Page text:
What You Need To Know About The Sad Death Of Dr. Dre's Son

Music mogul Dr. Dre, who suffered a brain aneurysm on January 4, knows the heartache of publicly losing someone he loves. His son, Andre Romelle Young Jr., died of a drug overdose.

The musician lost his son more than a decade ago when he died in his California home on August 23, 2008, at the age of 20 from an overdose of heroine and morphine, said a Los Angeles County coroner, reported The Sun

His mother discovered her son had died when she attempted to wake him. The night before he had gone out with friends, coming home around 5:30 Saturday morning. Although she contacted paramedics, they could not help him and was "pronounced dead at the scene," according to the The Guardian

When his son passed away, Dr. Dre requested "respect and privacy" in a statement cited by Reuters. He has six other children: Curtis, La Tanya, Marcel, Truice, Truly and Tyra. According to Biography, his son Curtis, aka "Hood Surgeon," is also a rapper. 

Dr. Dre: from rapper to music mogul

Dr. Dre, born Andre Romelle Young, found success as part of N.W.A., an '80s gangsta rap/hip-hop group, before going solo. His first album, The Chronic, hit it big — reaching No. 34 on Billboard and nabbing a 1994 Grammy Award for Best Rap Solo Performance for the single, "Let Me Ride." He also created the labels Death Row Records in 1991 and Aftermath Entertainment in 1996 and worked with artists such as Snoop Dogg, 50 Cent and Eminem, reported Biography.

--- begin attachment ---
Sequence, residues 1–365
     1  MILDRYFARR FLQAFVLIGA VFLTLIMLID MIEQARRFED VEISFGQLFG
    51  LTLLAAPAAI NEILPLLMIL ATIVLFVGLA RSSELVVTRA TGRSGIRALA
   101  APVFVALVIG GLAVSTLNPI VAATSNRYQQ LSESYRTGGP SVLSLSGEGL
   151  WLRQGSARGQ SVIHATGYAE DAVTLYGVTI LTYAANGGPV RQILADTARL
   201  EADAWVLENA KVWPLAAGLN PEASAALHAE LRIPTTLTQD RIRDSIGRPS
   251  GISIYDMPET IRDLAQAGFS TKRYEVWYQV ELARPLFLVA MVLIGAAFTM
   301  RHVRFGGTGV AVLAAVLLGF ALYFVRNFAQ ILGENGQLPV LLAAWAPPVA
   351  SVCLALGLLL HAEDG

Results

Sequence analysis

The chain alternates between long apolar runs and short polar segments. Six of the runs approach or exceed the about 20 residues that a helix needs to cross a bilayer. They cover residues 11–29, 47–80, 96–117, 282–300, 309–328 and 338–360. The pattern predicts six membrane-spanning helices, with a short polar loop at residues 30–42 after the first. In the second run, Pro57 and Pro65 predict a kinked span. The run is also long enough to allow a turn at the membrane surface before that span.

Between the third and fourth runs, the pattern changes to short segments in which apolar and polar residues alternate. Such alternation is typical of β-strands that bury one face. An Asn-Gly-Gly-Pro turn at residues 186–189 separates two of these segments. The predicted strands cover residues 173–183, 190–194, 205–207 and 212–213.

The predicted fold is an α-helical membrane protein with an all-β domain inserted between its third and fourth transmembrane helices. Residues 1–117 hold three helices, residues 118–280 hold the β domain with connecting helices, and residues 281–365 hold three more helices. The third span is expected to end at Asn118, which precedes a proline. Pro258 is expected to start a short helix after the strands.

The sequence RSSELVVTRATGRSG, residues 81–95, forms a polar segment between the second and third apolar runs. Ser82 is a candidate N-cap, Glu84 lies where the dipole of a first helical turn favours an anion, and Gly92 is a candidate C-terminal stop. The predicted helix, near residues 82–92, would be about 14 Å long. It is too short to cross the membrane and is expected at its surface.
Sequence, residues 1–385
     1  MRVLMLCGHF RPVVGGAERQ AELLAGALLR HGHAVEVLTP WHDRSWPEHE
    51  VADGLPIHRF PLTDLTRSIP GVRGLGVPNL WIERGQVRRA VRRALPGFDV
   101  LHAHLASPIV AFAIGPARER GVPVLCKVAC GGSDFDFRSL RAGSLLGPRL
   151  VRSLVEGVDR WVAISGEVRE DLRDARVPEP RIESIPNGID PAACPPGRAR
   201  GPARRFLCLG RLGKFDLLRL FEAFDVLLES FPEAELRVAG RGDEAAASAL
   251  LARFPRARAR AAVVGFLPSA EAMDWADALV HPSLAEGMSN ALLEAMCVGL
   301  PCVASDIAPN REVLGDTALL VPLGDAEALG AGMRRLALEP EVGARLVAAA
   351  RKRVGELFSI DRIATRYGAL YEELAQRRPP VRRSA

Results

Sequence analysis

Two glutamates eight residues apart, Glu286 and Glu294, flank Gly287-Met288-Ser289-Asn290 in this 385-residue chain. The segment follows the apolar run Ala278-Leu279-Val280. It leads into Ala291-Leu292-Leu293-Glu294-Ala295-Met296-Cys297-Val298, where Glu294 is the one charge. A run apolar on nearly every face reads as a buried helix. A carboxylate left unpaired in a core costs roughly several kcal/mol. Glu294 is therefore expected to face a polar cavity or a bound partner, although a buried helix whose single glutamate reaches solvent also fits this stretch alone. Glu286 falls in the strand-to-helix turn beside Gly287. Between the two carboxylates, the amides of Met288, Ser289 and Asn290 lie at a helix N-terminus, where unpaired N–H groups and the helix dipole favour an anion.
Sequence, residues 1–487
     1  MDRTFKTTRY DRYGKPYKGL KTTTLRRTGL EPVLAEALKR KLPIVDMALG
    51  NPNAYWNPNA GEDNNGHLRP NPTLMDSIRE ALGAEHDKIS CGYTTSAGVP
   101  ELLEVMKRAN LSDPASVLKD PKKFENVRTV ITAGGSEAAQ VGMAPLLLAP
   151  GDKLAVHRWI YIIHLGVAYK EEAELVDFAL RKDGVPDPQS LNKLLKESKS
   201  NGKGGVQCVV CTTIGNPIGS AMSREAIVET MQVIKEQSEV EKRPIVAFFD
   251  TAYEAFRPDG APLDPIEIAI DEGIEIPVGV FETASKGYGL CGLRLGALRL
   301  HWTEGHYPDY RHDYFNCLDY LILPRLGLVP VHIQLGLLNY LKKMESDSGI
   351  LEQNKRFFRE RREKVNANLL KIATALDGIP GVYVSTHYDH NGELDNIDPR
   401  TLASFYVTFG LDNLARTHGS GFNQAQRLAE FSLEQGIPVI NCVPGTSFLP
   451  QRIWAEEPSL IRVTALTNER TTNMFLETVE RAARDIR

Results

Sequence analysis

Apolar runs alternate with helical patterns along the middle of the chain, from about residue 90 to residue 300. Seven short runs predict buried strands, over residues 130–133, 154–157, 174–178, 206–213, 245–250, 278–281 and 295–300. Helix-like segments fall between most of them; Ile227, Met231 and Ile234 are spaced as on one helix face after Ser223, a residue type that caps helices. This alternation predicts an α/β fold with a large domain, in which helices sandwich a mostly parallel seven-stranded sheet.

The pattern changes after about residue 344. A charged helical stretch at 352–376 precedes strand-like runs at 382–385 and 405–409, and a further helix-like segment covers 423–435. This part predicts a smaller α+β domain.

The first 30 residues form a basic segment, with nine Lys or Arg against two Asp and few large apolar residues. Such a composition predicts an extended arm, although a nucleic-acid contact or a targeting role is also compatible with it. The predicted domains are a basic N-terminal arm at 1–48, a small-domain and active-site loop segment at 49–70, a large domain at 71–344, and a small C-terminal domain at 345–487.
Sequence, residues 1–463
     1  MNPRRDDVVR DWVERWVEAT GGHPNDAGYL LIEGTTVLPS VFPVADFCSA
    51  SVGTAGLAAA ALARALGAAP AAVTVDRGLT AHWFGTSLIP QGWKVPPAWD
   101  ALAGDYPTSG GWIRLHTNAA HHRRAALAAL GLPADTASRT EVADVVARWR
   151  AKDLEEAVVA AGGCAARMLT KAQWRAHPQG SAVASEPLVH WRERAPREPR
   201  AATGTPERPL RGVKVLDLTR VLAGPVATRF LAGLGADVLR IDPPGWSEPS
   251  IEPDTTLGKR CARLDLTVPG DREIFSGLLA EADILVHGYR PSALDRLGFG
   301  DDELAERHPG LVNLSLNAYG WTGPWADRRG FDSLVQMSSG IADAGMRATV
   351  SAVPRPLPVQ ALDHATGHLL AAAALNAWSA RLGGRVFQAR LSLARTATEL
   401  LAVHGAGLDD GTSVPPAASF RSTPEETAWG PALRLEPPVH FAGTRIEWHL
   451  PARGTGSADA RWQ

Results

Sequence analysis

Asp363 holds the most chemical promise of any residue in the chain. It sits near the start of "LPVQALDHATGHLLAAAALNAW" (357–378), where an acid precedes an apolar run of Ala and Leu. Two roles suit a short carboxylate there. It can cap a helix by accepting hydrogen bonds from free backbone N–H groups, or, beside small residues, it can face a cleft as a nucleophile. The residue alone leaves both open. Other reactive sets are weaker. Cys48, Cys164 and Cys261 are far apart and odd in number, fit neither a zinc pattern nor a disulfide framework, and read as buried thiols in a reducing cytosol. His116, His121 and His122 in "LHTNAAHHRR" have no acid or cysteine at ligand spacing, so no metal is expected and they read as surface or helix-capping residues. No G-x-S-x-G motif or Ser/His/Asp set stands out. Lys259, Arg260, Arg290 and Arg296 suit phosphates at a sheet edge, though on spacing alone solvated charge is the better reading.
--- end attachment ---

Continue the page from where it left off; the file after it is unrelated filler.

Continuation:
He joined forces with record producer Jimmy Iovine in 2008 to create Beats Electronics. An online streaming service was added to the product line in January 2014. Apple would purchase the company a few months later for $3 billion. This sale made Dr. Dre one of the richest rap stars, according to Forbes, who placed him as No. 2 on the publication's 2018 list. It also gave Dr. Dre and Iovine executive roles at Apple. Dr. Dre released his third album, Compton: A Soundtrack on iTunes and Apple Music in 2015.

After his recent hospital admittance at Los Angeles' Cedars-Sinai Medical Center, he posted on Instagram on January 5 that he was "doing great and getting excellent care" and that he expected to "be out of the hospital and back home soon." He also thanked the medical staff who treated him as well as his friends, family, and fans for their concern.